Having left school, Charlie had a short-lived career in the military before stepping into a professional kitchen for the first time in 1993. “It was in London and this was my opportunity to start to shine and make a path for myself. I began prepping vegetables, and I didn’t see daylight for weeks on end as I worked from dawn until dusk. And I absolutely loved it! That set me on the path to where I am now, and I wouldn’t have changed it for the world.”
It was at this time that Charlie stumbled across a great man who has been a friend to him ever since, and he is coy about revealing this person’s name, saying “I respect his privacy. However, he taught me a lot about what a chef really needs back in my early days, and I have never forgotten that: a clean set of chef whites, a sharp set of knives, and a good palate. These things enable you to go anywhere and do anything – and for me, I followed this advice and ended up cooking for everyone from the Royal Family to Crown Princes.
“I travelled as far from Norfolk as possible, and I loved it. I was cooking amazing food for some amazing people, and I was learning all the time. I still had a couple of friends in Norfolk, including the amazing Tim Allen, but I was off living my own life.”
Things changed for Charlie in 2008 when tragedy hit within his personal life, and he turned his back on the food industry. “I was living in London by then, working in property development at the time. I was a bit of a prat, if truth be known, a bit arrogant. I liked being selfish, with a nice house, flash cars, and not many worries.
“It was 2010, and I was on my way out for dinner at Le Caprice and there were two people in the car with me. This friend – again, he will remain nameless – would ring me every couple of months and get me to try to come to Norfolk. I always refused, but we did keep in touch. He rang that night when we were driving across London, inviting me up to Norfolk to a party. I replied that I was out with ‘my real friends’. There was silence and my friend replied that the people I was with were not real friends, and to test them. He told me that they were just there for the free meal and I should pretend to be ill and offer to pay for dinner anyway, to see what they would do. When we pulled up at Le Caprice, I told them that I didn’t feel well and gave them around £500 in rolled up notes. They couldn’t take the money quickly enough! I watched them walk into the restaurant and I asked my driver, David, to take me up to Norfolk. That was it for me – I was done with that kind of life.”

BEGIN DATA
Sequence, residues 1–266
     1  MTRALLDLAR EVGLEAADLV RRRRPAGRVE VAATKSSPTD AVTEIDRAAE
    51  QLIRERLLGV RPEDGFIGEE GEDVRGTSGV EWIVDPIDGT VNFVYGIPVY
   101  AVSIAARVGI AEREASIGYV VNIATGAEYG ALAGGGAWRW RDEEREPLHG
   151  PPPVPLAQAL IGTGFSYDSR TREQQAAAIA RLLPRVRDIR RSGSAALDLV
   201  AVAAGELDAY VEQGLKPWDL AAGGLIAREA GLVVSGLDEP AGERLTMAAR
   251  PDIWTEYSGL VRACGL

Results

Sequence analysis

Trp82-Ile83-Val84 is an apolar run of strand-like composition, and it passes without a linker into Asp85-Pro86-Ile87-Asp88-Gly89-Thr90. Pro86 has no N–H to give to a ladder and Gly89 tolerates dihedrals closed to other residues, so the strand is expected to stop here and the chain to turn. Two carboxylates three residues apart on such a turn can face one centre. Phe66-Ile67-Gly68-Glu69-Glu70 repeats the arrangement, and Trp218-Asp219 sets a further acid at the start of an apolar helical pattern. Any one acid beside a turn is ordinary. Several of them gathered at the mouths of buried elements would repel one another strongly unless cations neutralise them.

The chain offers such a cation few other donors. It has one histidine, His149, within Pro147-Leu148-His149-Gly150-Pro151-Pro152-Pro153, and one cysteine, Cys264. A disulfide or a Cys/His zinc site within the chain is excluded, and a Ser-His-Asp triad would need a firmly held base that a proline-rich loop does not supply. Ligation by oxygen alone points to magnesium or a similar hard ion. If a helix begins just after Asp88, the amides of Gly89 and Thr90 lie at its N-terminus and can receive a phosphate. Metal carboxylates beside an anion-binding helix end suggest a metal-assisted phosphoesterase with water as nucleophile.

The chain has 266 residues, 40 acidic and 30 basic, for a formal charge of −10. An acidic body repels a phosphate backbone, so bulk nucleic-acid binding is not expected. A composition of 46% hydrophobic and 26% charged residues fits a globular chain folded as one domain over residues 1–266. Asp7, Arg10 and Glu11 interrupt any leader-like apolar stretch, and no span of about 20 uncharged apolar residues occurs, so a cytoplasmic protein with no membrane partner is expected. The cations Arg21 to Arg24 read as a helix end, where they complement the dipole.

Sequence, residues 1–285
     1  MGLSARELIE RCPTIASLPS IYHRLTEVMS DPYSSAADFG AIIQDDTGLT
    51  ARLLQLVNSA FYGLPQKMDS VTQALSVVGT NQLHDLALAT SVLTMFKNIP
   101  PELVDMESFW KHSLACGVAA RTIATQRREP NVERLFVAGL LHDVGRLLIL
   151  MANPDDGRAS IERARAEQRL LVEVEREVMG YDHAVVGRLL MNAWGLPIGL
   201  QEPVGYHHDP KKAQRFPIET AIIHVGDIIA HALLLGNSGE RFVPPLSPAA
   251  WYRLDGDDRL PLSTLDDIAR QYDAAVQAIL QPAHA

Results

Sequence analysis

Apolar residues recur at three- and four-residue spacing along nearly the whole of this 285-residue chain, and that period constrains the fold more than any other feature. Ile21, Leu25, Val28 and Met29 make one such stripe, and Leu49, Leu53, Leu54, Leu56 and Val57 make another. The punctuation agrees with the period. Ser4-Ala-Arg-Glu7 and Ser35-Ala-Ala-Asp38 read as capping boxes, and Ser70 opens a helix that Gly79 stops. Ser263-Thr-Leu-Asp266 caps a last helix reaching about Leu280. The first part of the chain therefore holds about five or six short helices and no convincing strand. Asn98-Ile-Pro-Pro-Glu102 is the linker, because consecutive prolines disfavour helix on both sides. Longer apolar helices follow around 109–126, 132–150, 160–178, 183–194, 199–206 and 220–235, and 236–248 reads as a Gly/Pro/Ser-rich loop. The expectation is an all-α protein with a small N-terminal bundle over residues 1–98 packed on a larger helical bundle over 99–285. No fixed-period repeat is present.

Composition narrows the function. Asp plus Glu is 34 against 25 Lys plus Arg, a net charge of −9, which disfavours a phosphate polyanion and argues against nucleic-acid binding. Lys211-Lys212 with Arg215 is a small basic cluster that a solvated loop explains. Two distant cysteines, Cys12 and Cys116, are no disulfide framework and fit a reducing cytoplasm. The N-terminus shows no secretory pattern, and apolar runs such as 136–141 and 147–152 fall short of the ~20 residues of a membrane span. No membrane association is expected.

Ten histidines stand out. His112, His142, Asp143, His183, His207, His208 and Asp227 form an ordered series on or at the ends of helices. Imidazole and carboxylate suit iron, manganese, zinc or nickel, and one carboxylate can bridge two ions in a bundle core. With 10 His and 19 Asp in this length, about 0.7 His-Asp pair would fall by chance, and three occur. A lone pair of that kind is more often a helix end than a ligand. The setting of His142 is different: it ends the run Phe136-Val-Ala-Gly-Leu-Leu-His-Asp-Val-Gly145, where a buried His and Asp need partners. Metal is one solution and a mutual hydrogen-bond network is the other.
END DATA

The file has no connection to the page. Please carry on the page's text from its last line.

Charlie adds that this particular Norfolk friend has been by his side ever since they were children, having met when they were around 11 years old. “He never gave up on me,” is all Charlie will say.
Arriving back in Norfolk a decade ago, Charlie fell in love with the county and its people. “I left as a 17-year old boy and I came back as a 40-year old man,” he says. “I had forgotten how beautiful the people in Norfolk are. When I came back, I really appreciated how special this part of the world really is.”